Want to run an acid test for your firm? Take a look at the product investment roadmap and assess the allocation of dollars for initiatives expecting to pay-off in different time horizons. If there’s nothing or close to nothing in horizons beyond the upcoming twelve months, there’s a problem.

Also, assess your firm’s track record in bringing new ideas to fruition. If everything you are investing in is an extension of today’s offerings, there’s a problem. Inertia is hard to break, but long-term organizational health depends upon learning to navigate new and different.

3. Attacking the Status Quo is Expected

In too many organizations, pushing back at the way it’s been done, particularly when it comes to making money and serving customers, is a fast-track to the penalty box. In healthy organizations, there’s an expectation that people will continuously challenge assumptions and push-back at the status quo. This culture starts at the top with a CEO (first and foremost) and top managers who encourage and actively model this behavior.

I learned this lesson in real time as I observed a senior manager challenge conventional thinking by proposing a new business vector that flew in the face of the firm’s history. This individual expended all of his political capital to gain grudging support and then proceeded to leverage the idea into a major makeover of the entire business. Ultimately, it was the CEO who enabled this experimentation by challenging the collective group of managers to back their words about experimentation and innovation with actions.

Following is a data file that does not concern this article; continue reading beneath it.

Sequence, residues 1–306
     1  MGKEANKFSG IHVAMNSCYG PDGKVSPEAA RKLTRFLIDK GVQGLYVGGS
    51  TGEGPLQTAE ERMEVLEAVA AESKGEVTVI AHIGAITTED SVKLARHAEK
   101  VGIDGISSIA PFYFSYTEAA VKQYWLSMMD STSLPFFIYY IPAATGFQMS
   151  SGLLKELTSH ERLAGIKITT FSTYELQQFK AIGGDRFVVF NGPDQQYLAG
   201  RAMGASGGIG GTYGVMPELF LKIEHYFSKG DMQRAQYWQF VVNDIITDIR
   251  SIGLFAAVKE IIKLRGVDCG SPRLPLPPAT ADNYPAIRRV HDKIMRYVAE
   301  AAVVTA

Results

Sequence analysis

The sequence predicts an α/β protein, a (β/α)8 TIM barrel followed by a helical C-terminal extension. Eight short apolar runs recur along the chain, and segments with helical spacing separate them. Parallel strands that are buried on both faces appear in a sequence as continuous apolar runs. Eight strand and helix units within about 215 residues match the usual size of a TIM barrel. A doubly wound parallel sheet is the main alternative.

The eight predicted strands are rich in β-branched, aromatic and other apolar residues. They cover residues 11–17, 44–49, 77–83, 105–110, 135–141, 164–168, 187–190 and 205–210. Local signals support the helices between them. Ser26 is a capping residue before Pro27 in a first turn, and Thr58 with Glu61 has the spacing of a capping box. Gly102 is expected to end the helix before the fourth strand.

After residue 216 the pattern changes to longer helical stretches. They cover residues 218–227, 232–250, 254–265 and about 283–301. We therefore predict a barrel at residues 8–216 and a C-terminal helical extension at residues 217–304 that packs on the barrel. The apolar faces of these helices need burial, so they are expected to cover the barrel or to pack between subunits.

4. Challenging Conversations are Exercises in Aggressive Respect

Everything important in the workplace happens through one or more challenging conversations. If the prevailing culture in the firm and on the management team is one of collegial engagement, chances are, the right discussions aren’t taking place. You don’t design the future, challenge conventional wisdom, and reinvent your organization without well-intended, spirited dialog. Keep it respectful—it’s about the issues, not the people—but don’t shy away from the tough stuff.

In working with management teams, helping smart, high-powered people learn how to debate and discuss and occasionally fight, is one of the core issues. One new CEO lamented, “The team is collegial, but they don’t know how to take on the big topics critical for our future.” With challenging conversations training and facilitated guidance, they learned to go hard after the right issues without making anyone feel like it was a personal attack.

The Bottom-Line for Now:

Great management teams are hungry to win in the moment and relentless at building for the future. It takes discipline and deliberate efforts to separate the here and now from an imagined but uncertain future—yet success over time demands this effort and discipline. Peter Drucker was right: “Actions in the present are the one and only way to create the future.” The question is, are you investing in the right actions?

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About the Author:

Art Petty is a coach, speaker and workshop presenter focusing on helping professionals and organizations learn to survive and thrive in an era of change. When he is not speaking, Art serves senior executives, business owners and high potential professionals as a coach and strategy advisor. Additionally, Art’s books are widely used in leadership development programs. To learn more or discuss a challenge, contact Art.